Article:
NEAR INFRARED SENSORS BASED ON SINGLE WALLED CARBON NANOTUBES: ENGINEERING APPLICATIONS OF ONE DIMENSIONAL EXCITONS
Creators:Strano, Michael S.
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Publisher:Ohio State University
Molecular detection using near-infrared light between 0.9 and 1.3 eV has important environmental and biomedical applications because of greater light penetration into scattering media and reduced auto-fluorescent background from biological contaminants. Single Walled Carbon Nanotubes (SWNT) have a tunable band-gap fluorescence in the near infrared that we have demonstrated to be sensitive to changes in their local dielectric function but remain stable to permanent photobleaching. We report the synthesis and demonstration of several types of solution-phase, near-infrared sensors by functionalizing carbon nanotubes with ligands designed to modulate the fluorescence in response to selective molecular binding. This presentation will review the development of the current quasi-one-dimensional excitonic view of carbon nanotube photo-physics and describe a series of model sensor architectures developed in our laboratory. By adsorbing glucose oxidase and ferricyanide ions to the surface of carbon nanotubes, a flux-based b-D-glucose sensor can be created. Reaction of glucose at the enzyme ultimately injects charge into the nanotube and modulates the fluorescence via two distinct mechanisms of signal transduction-fluorescence quenching and charge transfer. We also demonstrate a separate and parallel optical detection modality via specific DNA sequences including single nucleotide polymorphism on the surface of solution suspended single-walled carbon nanotubes. Hybridization of a 24-mer oligonucleotide sequence with its complement produces a hypsochromic shift of 2 meV, with a detection sensitivity of 6 nM. In another system, the transition of DNA secondary structure from the native B to the Z conformation is shown to modulate the dielectric environment of the single walled carbon nanotube (SWNT) around which it is adsorbed. The results demonstrate new opportunities for nanoparticle optical sensors that operate in strongly absorbing media of relevance to medicine, biology and environmental remediation.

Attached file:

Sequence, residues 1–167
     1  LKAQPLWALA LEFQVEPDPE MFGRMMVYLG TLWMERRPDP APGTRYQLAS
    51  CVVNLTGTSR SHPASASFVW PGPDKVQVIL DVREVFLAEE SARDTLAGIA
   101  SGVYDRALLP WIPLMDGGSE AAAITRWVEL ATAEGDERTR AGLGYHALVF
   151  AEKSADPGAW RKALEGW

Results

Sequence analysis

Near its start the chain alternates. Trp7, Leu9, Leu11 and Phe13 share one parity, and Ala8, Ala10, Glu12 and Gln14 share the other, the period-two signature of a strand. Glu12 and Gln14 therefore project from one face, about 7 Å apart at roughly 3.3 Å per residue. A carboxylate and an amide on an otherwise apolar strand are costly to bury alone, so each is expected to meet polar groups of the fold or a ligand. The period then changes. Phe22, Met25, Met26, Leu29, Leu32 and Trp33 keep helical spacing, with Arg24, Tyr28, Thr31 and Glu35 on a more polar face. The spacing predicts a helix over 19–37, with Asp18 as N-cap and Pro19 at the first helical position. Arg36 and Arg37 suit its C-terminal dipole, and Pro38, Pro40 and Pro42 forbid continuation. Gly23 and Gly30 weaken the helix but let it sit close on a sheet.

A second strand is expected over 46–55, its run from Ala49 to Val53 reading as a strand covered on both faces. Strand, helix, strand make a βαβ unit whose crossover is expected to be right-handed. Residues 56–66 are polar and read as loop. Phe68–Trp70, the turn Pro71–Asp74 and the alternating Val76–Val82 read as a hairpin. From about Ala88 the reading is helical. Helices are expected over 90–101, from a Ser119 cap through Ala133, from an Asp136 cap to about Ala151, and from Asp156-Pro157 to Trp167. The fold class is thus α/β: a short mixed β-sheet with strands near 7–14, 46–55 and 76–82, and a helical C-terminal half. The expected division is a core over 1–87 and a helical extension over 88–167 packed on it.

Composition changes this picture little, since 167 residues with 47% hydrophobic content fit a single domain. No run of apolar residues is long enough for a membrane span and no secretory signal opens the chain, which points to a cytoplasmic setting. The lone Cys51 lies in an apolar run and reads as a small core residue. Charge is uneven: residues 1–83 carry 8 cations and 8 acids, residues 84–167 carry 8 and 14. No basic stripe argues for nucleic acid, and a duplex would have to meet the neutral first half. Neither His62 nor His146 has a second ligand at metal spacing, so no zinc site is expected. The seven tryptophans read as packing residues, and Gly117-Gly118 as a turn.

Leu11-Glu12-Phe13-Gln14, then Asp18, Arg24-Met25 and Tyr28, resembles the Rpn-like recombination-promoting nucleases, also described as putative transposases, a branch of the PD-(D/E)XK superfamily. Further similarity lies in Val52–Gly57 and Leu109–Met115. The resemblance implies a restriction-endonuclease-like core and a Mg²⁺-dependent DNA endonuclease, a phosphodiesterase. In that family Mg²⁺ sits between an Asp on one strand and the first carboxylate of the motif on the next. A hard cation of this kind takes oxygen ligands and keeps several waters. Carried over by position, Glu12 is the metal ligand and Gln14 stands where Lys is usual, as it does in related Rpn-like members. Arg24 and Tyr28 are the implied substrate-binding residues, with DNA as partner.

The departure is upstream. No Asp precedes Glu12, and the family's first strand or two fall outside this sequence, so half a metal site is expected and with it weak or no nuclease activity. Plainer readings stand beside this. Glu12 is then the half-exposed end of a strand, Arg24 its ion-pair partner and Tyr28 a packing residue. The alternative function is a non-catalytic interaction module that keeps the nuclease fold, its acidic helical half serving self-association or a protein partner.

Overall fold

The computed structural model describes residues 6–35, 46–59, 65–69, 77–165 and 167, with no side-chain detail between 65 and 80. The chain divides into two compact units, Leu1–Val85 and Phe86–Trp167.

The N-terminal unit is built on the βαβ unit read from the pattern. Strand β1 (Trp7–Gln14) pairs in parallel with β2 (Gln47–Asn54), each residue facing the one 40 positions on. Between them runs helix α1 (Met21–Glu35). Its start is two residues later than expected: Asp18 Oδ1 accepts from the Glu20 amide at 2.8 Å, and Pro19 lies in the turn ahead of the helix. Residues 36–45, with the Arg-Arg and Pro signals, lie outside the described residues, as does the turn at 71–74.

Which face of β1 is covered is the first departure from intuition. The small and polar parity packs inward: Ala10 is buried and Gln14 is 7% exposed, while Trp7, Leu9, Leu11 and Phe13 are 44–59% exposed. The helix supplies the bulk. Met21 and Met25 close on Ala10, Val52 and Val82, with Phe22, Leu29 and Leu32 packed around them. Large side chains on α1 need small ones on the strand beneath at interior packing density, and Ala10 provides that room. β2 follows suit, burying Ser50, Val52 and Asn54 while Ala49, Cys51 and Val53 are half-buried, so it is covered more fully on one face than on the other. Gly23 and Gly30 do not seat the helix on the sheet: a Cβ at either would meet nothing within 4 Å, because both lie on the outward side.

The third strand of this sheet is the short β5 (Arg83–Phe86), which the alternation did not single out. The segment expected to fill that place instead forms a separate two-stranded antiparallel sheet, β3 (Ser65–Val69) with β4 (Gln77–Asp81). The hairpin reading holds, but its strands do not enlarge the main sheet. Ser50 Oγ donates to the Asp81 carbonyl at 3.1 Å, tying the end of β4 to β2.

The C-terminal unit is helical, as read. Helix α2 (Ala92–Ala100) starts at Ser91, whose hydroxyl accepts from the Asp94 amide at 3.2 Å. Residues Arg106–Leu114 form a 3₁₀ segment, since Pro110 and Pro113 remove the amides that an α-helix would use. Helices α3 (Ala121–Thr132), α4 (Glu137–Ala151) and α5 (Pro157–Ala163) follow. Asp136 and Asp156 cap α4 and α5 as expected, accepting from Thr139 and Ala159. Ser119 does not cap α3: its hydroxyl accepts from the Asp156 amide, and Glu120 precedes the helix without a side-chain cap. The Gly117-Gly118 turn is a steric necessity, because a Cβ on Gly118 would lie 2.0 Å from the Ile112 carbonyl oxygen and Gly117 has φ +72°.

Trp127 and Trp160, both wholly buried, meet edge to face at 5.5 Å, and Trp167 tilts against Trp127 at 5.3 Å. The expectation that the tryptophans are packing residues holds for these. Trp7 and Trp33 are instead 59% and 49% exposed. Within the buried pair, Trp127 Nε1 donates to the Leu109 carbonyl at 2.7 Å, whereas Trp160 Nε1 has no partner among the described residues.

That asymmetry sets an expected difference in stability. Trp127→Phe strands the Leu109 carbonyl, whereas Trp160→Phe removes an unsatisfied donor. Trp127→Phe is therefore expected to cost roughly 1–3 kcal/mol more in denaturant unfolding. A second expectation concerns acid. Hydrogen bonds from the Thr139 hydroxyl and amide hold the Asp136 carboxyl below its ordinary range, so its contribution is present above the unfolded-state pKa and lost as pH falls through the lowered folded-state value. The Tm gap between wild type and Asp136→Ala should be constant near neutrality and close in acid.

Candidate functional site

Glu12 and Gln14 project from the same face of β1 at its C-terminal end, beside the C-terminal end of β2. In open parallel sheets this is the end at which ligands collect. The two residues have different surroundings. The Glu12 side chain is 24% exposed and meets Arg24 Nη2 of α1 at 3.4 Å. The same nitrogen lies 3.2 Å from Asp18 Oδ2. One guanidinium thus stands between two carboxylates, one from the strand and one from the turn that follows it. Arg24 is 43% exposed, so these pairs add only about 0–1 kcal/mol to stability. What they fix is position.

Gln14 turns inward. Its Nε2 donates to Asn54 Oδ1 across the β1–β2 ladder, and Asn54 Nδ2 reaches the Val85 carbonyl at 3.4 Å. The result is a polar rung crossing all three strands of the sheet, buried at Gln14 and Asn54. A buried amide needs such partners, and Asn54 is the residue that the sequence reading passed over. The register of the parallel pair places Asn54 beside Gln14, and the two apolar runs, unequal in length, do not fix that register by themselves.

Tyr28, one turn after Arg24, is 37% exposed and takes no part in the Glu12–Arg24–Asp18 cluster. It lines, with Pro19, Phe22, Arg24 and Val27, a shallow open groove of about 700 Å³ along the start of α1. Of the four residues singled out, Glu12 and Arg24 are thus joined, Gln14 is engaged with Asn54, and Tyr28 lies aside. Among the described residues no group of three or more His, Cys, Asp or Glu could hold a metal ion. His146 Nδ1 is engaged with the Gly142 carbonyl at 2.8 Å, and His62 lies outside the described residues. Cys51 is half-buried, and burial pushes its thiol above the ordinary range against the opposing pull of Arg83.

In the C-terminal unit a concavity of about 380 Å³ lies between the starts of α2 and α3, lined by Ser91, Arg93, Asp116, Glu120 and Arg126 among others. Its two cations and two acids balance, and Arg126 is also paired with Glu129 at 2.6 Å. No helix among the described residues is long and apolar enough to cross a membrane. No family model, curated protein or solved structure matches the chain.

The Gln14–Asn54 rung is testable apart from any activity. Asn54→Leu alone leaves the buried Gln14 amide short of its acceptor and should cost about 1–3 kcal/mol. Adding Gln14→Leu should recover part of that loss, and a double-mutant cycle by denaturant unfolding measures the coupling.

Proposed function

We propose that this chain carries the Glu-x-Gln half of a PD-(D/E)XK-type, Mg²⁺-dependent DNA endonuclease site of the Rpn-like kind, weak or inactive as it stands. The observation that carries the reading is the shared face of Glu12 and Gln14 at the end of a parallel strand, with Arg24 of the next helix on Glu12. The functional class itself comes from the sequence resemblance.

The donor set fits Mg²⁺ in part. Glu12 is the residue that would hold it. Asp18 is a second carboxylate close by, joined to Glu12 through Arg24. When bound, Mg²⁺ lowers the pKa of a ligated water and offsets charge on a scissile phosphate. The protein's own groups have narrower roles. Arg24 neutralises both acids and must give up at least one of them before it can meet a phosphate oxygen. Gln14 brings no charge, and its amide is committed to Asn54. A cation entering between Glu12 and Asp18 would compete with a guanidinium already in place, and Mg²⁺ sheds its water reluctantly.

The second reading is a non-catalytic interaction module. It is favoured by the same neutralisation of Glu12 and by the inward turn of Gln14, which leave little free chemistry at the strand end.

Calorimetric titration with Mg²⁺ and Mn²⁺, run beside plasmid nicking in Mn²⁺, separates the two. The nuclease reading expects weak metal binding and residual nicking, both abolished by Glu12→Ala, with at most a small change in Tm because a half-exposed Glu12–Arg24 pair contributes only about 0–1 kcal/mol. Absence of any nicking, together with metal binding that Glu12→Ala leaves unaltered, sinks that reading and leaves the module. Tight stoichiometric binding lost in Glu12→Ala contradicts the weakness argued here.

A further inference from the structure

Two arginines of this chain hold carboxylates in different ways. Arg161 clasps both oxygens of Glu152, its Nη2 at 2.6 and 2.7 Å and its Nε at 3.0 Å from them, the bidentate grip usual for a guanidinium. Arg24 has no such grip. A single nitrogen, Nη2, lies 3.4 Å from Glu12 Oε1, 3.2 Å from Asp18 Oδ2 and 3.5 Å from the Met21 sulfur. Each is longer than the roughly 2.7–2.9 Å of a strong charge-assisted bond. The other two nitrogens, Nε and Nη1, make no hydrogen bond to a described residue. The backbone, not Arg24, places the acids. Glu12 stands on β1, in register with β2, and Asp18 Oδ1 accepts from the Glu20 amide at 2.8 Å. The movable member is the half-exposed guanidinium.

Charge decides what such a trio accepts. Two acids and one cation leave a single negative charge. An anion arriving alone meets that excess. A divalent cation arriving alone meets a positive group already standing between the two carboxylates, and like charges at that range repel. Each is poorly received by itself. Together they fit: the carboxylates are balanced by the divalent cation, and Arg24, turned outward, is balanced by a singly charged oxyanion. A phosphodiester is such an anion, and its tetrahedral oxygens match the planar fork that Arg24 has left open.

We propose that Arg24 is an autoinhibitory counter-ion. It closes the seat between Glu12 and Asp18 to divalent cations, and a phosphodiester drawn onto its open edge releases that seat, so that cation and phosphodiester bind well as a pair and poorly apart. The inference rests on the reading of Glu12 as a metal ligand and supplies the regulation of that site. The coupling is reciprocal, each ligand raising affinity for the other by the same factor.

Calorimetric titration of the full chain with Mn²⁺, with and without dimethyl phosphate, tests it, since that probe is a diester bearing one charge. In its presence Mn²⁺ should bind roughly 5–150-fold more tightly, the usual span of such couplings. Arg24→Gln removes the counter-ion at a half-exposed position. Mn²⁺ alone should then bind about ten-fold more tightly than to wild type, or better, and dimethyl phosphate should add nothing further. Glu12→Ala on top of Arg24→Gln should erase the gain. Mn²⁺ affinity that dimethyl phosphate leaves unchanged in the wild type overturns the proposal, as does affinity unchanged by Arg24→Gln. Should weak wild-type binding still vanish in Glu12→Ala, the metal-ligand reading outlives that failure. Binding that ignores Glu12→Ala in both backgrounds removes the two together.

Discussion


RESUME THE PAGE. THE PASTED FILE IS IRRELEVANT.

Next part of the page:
Author Institution: Department of Chemical and Biomolecular Engineering, University of Illinois-Urbana/Champaign, 600 S. Mathews Avenue, Urbana, Illinois 61801, USA